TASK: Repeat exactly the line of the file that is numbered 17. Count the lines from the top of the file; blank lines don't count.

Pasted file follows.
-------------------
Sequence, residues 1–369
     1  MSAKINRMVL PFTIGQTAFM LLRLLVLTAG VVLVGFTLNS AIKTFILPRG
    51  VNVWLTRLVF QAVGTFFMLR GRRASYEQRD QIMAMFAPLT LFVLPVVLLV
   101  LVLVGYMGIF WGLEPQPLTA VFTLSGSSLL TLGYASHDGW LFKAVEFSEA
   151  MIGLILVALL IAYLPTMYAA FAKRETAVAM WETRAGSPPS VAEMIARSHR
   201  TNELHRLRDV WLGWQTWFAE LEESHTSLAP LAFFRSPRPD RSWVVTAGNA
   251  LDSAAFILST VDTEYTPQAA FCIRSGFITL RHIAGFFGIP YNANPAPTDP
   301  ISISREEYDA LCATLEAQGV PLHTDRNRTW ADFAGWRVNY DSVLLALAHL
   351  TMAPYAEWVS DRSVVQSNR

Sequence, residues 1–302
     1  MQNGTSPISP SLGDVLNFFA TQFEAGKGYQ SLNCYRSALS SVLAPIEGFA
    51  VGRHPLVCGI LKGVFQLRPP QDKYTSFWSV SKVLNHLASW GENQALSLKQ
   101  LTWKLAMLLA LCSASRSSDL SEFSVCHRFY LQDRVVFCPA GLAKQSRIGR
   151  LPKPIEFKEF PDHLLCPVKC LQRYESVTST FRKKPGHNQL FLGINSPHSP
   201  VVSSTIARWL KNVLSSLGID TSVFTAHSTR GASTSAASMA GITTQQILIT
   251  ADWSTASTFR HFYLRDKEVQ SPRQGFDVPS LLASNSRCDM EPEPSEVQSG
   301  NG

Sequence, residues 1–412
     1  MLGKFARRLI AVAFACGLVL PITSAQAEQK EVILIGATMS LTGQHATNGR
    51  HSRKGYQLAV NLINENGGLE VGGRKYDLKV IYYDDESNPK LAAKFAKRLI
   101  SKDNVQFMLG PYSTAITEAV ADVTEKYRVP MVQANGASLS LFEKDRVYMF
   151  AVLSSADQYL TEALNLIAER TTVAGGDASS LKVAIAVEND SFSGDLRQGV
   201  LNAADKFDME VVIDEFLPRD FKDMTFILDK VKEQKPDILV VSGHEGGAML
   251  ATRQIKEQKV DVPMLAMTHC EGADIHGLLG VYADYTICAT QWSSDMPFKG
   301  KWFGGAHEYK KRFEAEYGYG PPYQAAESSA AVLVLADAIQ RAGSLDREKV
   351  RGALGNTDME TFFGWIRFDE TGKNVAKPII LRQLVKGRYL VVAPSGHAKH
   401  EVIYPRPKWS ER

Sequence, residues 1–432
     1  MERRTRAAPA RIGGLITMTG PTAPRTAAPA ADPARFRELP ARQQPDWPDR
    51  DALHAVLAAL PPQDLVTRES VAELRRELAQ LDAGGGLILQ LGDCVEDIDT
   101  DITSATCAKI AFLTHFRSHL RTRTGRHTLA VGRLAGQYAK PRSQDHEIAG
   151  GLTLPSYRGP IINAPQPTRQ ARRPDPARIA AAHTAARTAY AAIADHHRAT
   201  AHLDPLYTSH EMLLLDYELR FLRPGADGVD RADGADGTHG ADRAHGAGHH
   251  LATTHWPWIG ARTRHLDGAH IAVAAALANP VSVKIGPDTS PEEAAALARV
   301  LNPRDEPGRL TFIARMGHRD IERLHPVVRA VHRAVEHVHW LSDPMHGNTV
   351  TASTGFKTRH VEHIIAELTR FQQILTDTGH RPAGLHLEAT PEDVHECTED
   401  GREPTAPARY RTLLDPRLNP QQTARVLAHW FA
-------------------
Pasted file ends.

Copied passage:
   301  NG